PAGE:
My Gear » | Hagstrom II | Les
1965 Hagstrom II "transitional Model"
History of the Hagstrom II and III "transitional" Model:
- Link to Blues Jam I Recorded Using It
- I found this guitar in 2005 - 95% original (new on/off switch, new
volume control pot (kept original for those who want to try to repair
it). Too many old Hagstroms have been poorly re-finished or "Frankensteined",
and finding an original that hasn't been "messed" with is a treat.
1960 through 1964, the body shape and pup tones of Hagstrom solid body
guitars were styled on a Fender Stratocaster (the guitar of choice
for most Rock N Rollers at the time who were starting to play more "lead
Guitar"). The shape, Double cut-away with rounded ends (aka "horns),
allowed a solist to reach the higher frets - unlike a single cut-away
like a Gibson LesPaul or Fender Telecaster.
- Then in the middle of 1964, with the growing popularity of Gibson
SGs, Hagstrom changed the body shape from a "Strat" style to a blending
composite of BOTH a Strat and an SG - double cutaway with "pointed
horns" and more beveling on the body itself. These were known as a "Deluxe"and
only a few hundred were made, in 1965, they named the new models the
Hagstrom II and III (based on how many pups they had). Therefore Hag
IIs and IIIs made in 1965 are known as "Transitional models". You can
tell a 1965 by the pups ... they have rounded corners - as of '66 the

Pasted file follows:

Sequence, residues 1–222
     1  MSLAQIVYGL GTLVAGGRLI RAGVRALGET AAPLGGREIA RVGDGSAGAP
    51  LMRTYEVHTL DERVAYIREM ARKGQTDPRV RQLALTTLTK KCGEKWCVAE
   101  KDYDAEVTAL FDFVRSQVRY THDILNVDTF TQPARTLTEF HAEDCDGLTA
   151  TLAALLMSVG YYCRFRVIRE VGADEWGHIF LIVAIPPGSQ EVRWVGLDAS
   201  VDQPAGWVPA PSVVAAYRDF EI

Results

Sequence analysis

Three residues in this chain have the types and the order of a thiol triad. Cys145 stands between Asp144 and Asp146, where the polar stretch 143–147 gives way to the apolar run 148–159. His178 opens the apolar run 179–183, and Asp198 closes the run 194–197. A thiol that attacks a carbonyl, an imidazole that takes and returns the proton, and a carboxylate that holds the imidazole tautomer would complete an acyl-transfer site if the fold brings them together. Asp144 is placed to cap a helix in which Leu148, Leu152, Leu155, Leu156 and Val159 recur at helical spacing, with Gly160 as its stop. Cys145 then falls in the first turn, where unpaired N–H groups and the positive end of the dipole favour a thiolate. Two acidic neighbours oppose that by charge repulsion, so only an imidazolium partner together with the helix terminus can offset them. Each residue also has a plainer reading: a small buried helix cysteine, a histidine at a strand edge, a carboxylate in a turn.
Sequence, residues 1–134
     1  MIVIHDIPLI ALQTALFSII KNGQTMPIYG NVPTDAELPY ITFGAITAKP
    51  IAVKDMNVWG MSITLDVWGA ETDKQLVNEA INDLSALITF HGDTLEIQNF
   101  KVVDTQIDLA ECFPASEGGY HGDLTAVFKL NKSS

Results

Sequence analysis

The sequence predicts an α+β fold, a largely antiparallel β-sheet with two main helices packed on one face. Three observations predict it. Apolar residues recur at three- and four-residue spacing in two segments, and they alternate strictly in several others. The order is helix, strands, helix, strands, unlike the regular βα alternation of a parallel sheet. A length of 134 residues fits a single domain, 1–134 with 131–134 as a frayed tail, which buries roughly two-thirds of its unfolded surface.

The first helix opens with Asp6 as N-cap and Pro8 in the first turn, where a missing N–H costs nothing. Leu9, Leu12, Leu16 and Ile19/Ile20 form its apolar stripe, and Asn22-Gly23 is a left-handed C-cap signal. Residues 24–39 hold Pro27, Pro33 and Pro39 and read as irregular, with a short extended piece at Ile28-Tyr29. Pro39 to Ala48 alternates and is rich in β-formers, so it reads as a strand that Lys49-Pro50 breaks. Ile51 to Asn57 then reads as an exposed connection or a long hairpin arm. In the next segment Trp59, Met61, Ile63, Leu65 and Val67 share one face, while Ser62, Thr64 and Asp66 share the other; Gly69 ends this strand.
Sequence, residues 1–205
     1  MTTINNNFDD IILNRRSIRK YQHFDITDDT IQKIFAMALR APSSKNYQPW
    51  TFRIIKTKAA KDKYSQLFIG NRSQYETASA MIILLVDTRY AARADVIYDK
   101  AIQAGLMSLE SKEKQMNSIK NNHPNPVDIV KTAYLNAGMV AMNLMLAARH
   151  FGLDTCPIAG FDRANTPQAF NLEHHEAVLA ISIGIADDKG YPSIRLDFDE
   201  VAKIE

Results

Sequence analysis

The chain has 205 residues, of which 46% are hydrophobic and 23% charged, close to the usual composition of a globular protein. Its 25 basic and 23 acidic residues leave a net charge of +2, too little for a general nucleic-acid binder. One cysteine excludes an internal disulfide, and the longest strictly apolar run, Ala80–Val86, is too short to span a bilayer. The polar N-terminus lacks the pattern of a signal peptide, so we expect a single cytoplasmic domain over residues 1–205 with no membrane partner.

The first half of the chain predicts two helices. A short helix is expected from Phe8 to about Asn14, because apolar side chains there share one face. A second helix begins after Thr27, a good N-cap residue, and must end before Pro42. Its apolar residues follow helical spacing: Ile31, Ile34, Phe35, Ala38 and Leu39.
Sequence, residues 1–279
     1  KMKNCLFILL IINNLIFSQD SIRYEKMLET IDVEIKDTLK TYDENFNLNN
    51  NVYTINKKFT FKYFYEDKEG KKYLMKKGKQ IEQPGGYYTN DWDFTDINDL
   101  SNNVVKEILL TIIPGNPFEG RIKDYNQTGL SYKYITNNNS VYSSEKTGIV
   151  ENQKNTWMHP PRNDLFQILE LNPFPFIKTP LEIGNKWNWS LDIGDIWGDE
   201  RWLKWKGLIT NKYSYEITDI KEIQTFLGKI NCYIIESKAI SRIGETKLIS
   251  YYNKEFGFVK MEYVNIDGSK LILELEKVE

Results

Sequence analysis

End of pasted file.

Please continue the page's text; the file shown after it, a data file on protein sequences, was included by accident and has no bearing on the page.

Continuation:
corners were squared off. (*note - they also made a Hagstrom I, but
these looked nothing like the new IIs and IIIs - they retained the
old "rounded horns", had two soap-bar pups and the back of
the body was padded with vinyl). Anyone who claims their Hag is a rare
all original '65 (or one of the more rare '64s), better not have square
pups and no "Kings Neck patent pending"
sticker on the back of the headstock.
- But, for most of us, the most unique features of these old Hagstroms,
and what makes playing them such a pleasure, is their particularly
straight, thin, narrow necks andextremely low action.The early '60s
Hagstroms had a sticker on the back of the headstock that said "Kings-Neck
- patent-pending" (see photo) . As the necks
were re-finished over the years, 90% of the people removed this sticker.To
see the Kings-Neck sticker
these days is rare.
- Vintage Hags for the most part are like a like a well kept secret,
treasured and highly sought after by only a select few, such as myself,
who had played one back in the day; and it is this inside knowledge
that keeps their re-sale price lower than any other vintage guitar
of comparable quality and playability.